Written by Luc Besson & Robert Mark Kamen
Directed by Pierre Morel
Running Time: 1:30
for intense sequences of violence,
disturbing thematic material, sexual content,
some drug references and language.
Taken was a surprisingly strong thriller that had a few plot issues but was still entertaining.
Bryan Mills is a former 'preventer' for the U.S. Government. He's the guy you call on when you don't want something to happen. He recently retired so he could spend time with his estranged daughter Kim. Bryan has a dim outlook on the world so when Kim asks for his permission to go to Europe with a friend of hers, he initially says no. But he can't say no too long to his baby girl so eventually he gives in. Almost immediately upon landing in Paris, Kim and her friend are kidnapped and Bryan has 96 hours to track them down before they'll disappear for good. And when Bryan gets angry, you don't want to be the one standing in his way.
I'm not 100% sure why Taken was released in Europe a few months ago but got delayed here. Sure it's not going to win any awards but if you're looking for a film with some good action and suspense and dead bodies, this is the film for you. The first question was whether Liam Neeson could pull off the angry guy role but even from the commercials you could see it would work. His relationship with his daughter isn't fully explained but you could see genuine affection in their eyes and so when she's kidnapped the anger that boils inside of him is toxic. Watching him go through person after person, not caring who he hurts in order to save his daughter is impressive. What I liked most about the film is that his daughter wasn't randomly kidnapped by herself, she was part of a series of kidnappings, so having Bryan run rampant through Paris to track her down wasn't just about one person. I always hate movies where one person is trying to find another person and he leaves dozens of innocent people dead or injured just to save the person he loves. I mean, it's a nice idea, but killing 12 to save one? At least here there's the idea that if he saves his daughter, he'll also be shutting down a trafficking ring.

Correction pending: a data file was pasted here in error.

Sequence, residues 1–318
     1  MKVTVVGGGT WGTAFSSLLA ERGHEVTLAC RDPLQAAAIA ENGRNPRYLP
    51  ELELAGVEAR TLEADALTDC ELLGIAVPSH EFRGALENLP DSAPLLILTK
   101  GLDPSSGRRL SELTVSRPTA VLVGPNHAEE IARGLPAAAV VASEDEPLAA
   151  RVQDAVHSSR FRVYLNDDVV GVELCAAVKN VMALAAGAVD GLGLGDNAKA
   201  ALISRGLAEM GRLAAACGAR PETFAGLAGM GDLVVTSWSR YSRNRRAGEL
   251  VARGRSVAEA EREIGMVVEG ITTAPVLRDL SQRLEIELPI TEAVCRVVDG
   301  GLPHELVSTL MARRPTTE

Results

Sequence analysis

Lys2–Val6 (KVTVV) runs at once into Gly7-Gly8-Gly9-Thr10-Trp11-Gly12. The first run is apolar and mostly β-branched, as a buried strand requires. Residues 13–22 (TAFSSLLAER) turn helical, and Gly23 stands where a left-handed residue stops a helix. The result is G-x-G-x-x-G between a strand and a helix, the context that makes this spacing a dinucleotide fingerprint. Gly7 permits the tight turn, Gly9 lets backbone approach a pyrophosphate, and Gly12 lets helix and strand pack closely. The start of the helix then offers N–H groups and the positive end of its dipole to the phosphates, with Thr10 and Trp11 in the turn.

The one downside to the film is that it's a little too short. While keeping it at 90 minutes certainly gives the film a quick pace, there are leaps in the story that could have used some explanation. Like one scene where he finds a girl who may have some information about his daughter. She's strung out on heroin so he takes her to a hotel room and suddenly he's got an IV bag hooked up and is giving her medication. Where did that come from exactly? Based on the resourcefulness he shows in the rest of the movie I can see how he'd track all the necessary stuff down, but I would have liked to have seen it. Add an extra 10 minutes to the movie with some additional background scenes and it wouldn't have hurt the overall feel. I also want to know why they chose Maggie Grace to play the daughter. She's supposed to be 17 in the movie and even if you take away a couple of years for filming, she would have been around 23. She's hot, no question about that but having her play 17 looked awkward. Since there was no nudity in the film, I don't know why they couldn't have picked someone else for the role.
Action-wise, the movie is right on point. There are car chases, gun fights, one-on-one fights with plenty of bullets flying, car crashes and bones being broken. Neeson may not be a spring chicken anymore, but he does know how to fight. It's kind of as if Jason Bourne's dad was fighting. That'd be interesting if they had revealed that Bryan's last name was actually Webb at the end of the movie. Throw in a little Matt Damon cameo. OK, now I'm just randomly throwing things out there.
THE BOTTOM LINE
So overall, I liked Taken. There were a few leaps in the story that could have been better explained, but for mindless entertainment it's worth checking out.
Netflix DVD Rentals. Only $4.99 a month. NO LATE FEES; Free Shipping. Try for FREE!